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From Emmanuel Lecharny <>
Subject Re: Considering rolling back
Date Sun, 30 Jan 2011 21:10:42 GMT
On 1/30/11 9:15 PM, Alex Karasulu wrote:
> -------------
> All the projects should now compile. I am going through all the tests now
> and will be re-applying Emmanuel's commits some of which were lost on a
> merge conflict. After Emmanuel's changes, I will fix some of the issues
> Stefan Seelmann discovered with the Control instances, and start making the
> tests work again.
> ------------------------
> It seems people want to rollback the recent changes. There's more time
> wasted on dealing with the complaints and ultimatums then solving the
> problem. Instead we should work together and finish this. I'm open to all
> suggestions.
There is no ultimatum. There is just a need for all the committers to 
benefit from a stable trunk, and if that means we branch, and revert in 
trunk, then it's probably the best move. We can't continue forever to 
work on a broken trunk, it's blocking everyone.

Now, that does not mean either that what have been done so far should be 
dropped. As Stefan proposed, it's just a matter to copy the current 
trunk in a branch, revert to some stable version in trunk, and continue 
fixing the branch until it's stable again. Then we can merge back the 
branch in trunk.
> Furthermore there should be no deadline imposed on anyone by anyone. Someone
> is telling me tonight or no go. Since when do we start bossing people around
> on this project? However I do understand this situation must improve soon
> and will roll back myself if need be. Reason should prevail not panic.
As soon as someone pushes a -1 on all the changes that broke trunk, the 
revert has to be done. And it's far more strong than an deadline. A 
deadline is really a limit fixed to avoid such a -1 to be pushed.

Anyone can -1 anyone commits assuming it's technically grounded, it's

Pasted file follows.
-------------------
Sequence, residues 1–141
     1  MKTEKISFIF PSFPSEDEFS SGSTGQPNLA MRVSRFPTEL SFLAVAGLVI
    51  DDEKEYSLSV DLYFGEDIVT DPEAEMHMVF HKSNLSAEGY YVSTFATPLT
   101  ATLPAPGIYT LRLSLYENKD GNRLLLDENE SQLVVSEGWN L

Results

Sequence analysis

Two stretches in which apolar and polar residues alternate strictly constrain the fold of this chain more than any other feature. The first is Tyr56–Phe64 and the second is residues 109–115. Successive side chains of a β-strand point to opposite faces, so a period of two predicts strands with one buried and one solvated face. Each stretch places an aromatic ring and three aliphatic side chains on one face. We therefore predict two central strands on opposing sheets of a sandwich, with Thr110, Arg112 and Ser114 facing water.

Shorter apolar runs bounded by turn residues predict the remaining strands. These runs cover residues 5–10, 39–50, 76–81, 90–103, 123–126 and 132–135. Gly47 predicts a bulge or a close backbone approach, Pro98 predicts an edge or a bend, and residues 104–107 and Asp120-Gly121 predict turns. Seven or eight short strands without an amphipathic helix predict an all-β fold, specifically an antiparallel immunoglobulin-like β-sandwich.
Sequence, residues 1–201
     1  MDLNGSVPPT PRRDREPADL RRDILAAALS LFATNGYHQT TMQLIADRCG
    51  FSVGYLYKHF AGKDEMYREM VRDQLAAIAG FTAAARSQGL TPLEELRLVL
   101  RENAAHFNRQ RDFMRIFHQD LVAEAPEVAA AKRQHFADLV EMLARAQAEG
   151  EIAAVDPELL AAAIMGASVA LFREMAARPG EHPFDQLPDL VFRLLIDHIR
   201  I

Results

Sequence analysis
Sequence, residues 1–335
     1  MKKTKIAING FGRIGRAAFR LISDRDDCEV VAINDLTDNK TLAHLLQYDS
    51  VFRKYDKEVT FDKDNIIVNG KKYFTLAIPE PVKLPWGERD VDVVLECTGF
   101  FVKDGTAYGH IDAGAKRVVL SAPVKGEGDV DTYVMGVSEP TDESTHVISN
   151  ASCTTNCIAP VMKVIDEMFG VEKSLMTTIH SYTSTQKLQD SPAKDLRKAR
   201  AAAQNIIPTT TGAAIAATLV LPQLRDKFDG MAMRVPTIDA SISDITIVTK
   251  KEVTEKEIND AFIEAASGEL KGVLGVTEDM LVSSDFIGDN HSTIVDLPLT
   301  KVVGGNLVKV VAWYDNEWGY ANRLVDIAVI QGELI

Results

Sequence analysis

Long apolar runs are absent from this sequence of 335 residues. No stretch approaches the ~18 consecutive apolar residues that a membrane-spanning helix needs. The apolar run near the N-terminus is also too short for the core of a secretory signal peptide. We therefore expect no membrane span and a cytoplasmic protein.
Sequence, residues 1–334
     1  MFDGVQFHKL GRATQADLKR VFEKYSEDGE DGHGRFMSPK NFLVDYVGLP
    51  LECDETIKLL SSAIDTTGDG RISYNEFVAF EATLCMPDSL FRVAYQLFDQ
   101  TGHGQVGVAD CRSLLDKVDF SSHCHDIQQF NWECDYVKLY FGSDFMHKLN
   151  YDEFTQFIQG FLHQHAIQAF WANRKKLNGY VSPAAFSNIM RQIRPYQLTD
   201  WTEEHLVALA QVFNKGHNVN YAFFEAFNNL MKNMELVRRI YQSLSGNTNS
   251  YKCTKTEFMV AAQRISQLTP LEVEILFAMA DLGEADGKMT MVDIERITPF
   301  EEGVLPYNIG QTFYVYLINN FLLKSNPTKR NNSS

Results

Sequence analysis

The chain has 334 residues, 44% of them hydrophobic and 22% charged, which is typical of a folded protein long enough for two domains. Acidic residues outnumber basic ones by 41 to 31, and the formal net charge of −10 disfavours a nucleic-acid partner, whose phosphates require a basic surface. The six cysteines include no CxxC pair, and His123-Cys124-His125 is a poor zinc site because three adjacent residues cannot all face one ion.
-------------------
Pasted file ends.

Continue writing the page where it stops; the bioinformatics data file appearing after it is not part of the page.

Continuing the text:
not "bossing people". And a broken trunk for a week is *technically* 
grounded. Giving some more time with a deadline is doing a favor to 
those who have broken the trunk, expecting them to fix it - or rollback 
- before a revert is requested.
> I am making progress but if others are worried then, any progress in *code*
> is no progress to the community. We have SVN and can go back to earlier
> states any time we choose.
> However can someone rationally inform me why we're so rushed?
Just because it's now one full week the trunk is unstable.
> Is a couple days going to make or break something I am unaware of?
> I spent a lot of energy on this and it will result in many positive
> consequences. However I am reluctant to continue if there will be social
> uneasiness. So I will keep trying fully dedicated to this and we can see
> where we are in the short term.
> If this is not salvageable, then we can just move the current trunks into
> branches, and place an older stable version of the trunk where trunk is
> now.
> There's no reason to get angry, or argue. A mistake was made doing something
> this big in the trunk. People are on it full time trying to fix it. There
> are ways to roll out too. We're not going to die here folks.
No, we aren't going to die. But there is also no reason to not be 
rational and continue further and further in a mistake. Branching as 
suggested by Seelmann is far to be unreasonable, and will just cost one 
or two hours of *one* person in the project, allowing all the others to 
go on.

We broke one rule, by breaking trunk. This breakage lasted way too long, 
probably because more changes than necessary were injected into trunk. 
The project is a big ship now, and changing one small part of it has 
impact on many other part, now think about what can happen when more 
than one change is done. I don't think it's too far pushing the ball to 
ask for some kind of stability between changes, and also some discussion 
to occur *before* injecting such changes into the code base.

I'm not lecturing anyone here. We all perfectly know a community is 
working. I just think that breaking such rules just introduces some 
breach between members in this community and this is not good.

Emmanuel L├ęcharny

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